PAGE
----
Just in case that an Italian interim government may not deliver cuts and as a threat towards possible early elections the EU will come back to this in spring 2017, with the Eurogroup wanting to tighten the screws. The Eurogroup statement of 5 December 2016 on the Draft Budgetary Plans for 2017 can be downloaded here. Also interestingly, the Eurogroup does not share the ‘flexible approach’ on the EU fiscal rules that Commission President Jean Claude Juncker propagates, see here.
Wake up call to fellow Europeans – “May 9 Movement”
Several prominent personalities from EU politics (Daniel Cohn-Bendit, Guy Verhofstadt, Elmar Brok, Alain Lamassoure etc.), from business, arts and education and also trade unionists such as ETUC General Secretary Luca Visentini have launched an appeal to counter ‘anti-European populism’, see here. After Brexit, Trump and the Italian referendum, they fear “the collapse of the EU and the marginalisation of our values and interests” and point out: “We will not have then the power to be heard and to guaranty our safety from the increasing threats coming from all of our borders. Our economic interest and our market position – as first global export power –will become harder to defend while protectionism temptation rises everywhere.” They demand: “the time has come to adopt a genuine European foreign and defence policy.”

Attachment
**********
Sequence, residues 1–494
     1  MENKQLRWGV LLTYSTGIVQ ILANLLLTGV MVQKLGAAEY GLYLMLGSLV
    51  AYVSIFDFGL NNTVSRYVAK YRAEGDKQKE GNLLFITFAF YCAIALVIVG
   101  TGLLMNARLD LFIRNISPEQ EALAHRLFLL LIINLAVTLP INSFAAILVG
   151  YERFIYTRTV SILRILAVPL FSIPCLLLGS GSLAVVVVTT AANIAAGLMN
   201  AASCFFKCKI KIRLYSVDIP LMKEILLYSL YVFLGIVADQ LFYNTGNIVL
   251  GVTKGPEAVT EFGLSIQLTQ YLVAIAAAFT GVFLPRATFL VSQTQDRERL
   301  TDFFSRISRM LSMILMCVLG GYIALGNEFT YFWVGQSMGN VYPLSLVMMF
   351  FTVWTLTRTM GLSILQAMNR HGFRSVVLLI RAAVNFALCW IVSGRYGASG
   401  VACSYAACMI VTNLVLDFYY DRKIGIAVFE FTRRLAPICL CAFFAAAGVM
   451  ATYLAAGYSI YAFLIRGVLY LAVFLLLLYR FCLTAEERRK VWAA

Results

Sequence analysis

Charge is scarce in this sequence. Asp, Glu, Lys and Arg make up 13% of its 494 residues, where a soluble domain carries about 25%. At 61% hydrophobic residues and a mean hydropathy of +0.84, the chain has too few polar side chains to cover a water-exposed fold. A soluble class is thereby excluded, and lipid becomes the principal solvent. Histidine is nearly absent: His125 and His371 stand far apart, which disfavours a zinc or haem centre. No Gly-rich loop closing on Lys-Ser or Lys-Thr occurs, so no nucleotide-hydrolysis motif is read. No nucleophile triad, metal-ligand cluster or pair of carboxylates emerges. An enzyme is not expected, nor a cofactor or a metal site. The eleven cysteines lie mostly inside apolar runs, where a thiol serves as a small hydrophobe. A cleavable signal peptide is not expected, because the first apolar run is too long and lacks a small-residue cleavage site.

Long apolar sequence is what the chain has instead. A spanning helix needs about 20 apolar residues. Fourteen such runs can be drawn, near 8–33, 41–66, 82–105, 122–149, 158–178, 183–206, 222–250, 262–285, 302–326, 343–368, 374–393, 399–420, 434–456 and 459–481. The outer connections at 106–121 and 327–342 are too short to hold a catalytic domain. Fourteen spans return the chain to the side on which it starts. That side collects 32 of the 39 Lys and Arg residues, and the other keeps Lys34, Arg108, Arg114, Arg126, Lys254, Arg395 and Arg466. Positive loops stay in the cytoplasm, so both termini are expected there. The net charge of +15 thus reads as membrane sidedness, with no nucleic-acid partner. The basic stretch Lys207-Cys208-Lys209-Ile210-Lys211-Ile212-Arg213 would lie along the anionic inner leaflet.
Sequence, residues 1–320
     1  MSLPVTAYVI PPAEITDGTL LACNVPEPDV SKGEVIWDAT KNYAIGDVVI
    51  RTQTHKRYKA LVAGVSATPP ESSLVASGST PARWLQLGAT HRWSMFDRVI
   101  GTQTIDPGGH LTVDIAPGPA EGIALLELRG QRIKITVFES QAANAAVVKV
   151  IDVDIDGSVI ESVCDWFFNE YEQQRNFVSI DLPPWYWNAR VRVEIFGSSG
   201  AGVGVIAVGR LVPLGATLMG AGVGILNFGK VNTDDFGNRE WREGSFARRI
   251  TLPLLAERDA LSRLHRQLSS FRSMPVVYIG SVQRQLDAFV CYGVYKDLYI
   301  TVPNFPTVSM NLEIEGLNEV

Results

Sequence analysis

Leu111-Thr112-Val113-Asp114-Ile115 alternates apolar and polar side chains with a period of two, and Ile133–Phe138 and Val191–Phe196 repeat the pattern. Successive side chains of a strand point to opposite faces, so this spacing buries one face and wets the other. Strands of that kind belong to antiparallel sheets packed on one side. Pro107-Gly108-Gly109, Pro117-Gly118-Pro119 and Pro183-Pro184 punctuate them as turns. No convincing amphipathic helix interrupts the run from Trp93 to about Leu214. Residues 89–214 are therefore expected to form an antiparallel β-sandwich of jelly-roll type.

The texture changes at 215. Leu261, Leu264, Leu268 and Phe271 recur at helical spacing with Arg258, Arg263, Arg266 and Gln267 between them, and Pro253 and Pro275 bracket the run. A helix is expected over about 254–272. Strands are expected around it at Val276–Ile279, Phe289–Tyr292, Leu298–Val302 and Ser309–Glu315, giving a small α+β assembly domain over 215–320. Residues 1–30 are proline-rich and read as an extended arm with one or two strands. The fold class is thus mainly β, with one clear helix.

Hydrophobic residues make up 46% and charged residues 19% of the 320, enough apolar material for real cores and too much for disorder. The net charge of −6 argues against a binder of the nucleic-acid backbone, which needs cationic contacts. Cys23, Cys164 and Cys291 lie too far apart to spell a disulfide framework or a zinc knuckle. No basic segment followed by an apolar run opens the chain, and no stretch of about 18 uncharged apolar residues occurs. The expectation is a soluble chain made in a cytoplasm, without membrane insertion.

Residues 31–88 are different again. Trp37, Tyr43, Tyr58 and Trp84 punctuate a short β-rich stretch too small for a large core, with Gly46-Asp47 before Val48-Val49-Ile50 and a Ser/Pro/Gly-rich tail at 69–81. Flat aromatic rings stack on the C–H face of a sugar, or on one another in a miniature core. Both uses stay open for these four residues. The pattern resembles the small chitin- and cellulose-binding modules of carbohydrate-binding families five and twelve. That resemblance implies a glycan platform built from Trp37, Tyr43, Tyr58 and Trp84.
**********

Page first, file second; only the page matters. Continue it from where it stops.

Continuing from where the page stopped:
It’s notable that centre-left ‘progressives’ are so openly calling for strengthening the EU as a potential global ‘superpower’, including its military and geo-political aspects.
They should not worry: With its Bratislava-road map (and preparations long before), the EU is already on track. The Commission proposed an EU Defence Action Plan (including that military spending should not be taken into account when calculating budget deficits), and the European Parliament approved the first pilot projects on that line with the adoption of the EU budget 2017, see here. There is more on the wish list: A European Defence Union and some practical steps in preparation, see here.
It’s only the usual suspects – well-behaved NGO’s perhaps are now also ‘populists’ – who are campaigning against this supposedly ‘benign’ EU-imperialism, see here.
Iceland after the elections 2016
Iceland has been viewed by quite a number on the left and heterodox economists as an example of how to better tackle the 2007 – 2009 financial crisis, in particular by not taking over the debts of the financial sector. Árni Daníel Júlíusson reflects on popular movements in Iceland since then and the outcome of the recent elections on 29 October 2016 and further prospects, see here. For an older but highly informative analysis of Iceland’s centre-left government (Social Democrats and Left Green Movement, 2009 – 2013) after the financial crisis, see here.
Lexit’s Digest No. 2, 14 November 2016
US Presidential Election 2016